Like it or not, fuel cell vehicles are under development by most of the world’s major automakers. Hyundai already has a fuel cell version of its Tucson SUV on the road, but it is really just a rehash of the gasoline powered Tucson that has been available to customers for several years. Now Hyundai has brought a prototype of an all new SUV to Geneva, one that has been designed from the wheels up to be powered by a fuel cell powertrain. The concept — dubbed the FE Fuel Cell — is handsome in a way that most SUV shoppers will appreciate. FE stands for Futuro Eco, according to Hyundai.
Whether cars of the future are powered by electricity or hydrogen, they won’t need a big grille to protect the radiator for an internal combustion engine. The Tesla Model S and Model X both dispense with a traditional grille as does the Hyundai FE Fuel Cell concept. That represents a huge change for car companies, who have labored for a century to turn the grille into a hallmark of their brand. Mitsubishi has wasted five long years toying with the shape of the grille for its Outlander PHEV, trying to get it right for American customers instead of just getting the car here and selling it.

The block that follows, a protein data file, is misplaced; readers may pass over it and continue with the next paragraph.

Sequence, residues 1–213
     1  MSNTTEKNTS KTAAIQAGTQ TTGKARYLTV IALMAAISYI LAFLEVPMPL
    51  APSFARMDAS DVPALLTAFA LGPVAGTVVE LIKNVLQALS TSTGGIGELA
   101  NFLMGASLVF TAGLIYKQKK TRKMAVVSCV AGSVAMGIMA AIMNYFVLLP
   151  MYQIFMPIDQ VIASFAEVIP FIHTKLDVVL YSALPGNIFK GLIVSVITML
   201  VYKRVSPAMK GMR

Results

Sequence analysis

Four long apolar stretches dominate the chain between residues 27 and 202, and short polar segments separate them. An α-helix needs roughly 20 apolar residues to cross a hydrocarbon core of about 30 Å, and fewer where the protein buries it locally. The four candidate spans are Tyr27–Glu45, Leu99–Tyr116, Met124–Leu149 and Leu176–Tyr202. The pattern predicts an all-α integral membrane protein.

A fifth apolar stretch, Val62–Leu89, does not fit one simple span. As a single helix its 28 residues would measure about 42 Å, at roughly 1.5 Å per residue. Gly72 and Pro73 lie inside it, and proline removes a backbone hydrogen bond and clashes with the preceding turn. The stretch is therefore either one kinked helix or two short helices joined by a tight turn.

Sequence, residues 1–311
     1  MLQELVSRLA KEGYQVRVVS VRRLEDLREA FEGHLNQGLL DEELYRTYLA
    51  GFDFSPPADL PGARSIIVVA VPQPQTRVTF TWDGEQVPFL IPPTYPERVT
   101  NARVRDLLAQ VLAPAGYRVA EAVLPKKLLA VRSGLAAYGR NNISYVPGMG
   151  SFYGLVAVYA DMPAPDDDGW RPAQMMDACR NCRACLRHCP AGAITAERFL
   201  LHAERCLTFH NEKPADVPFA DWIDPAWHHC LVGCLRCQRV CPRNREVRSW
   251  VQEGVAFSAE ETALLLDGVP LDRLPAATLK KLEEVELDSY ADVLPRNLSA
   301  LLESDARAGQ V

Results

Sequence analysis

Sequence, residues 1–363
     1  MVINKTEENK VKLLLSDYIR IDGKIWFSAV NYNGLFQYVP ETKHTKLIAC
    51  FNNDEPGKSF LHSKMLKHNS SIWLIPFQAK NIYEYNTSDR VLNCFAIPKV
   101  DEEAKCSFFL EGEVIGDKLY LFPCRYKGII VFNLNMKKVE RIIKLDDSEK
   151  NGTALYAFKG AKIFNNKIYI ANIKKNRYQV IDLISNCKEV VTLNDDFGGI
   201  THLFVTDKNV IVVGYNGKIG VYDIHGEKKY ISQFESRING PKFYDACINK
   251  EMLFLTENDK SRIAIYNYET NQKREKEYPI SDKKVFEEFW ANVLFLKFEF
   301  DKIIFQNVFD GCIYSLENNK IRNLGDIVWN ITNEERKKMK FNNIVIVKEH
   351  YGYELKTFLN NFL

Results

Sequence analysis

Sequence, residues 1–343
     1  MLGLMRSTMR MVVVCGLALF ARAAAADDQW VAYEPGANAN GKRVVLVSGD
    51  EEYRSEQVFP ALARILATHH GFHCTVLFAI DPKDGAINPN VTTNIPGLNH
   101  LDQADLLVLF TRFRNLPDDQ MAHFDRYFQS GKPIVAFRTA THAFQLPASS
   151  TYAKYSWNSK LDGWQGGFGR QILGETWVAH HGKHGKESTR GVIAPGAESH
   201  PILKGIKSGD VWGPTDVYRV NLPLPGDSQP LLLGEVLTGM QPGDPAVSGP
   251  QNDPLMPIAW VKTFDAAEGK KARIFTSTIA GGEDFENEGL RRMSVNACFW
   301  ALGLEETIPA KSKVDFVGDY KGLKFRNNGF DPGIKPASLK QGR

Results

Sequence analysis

The FE Fuel Cell features a new fuel cell design that is smaller and lighter than the original, says Hyundai. It also has 30% greater energy density. Since one of the byproducts of a fuel cell is water vapor, Hyundai is capturing some of that output and using it to humidify the interior of the car.
The biggest advantage of Hyundai’s new fuel cell technology is greater range. “We have designed the car to run the longest distance ever achieved by a fuel cell vehicle,” says Hyundai Vice Chairman Dr. Woong-Chul Yang. The new car reportedly will have a range of 500 miles, which is great news unless the next hydrogen fueling station is 501 miles away. Production is expected to begin in 2018, by which time the United States should have dozens of hydrogen fueling stations.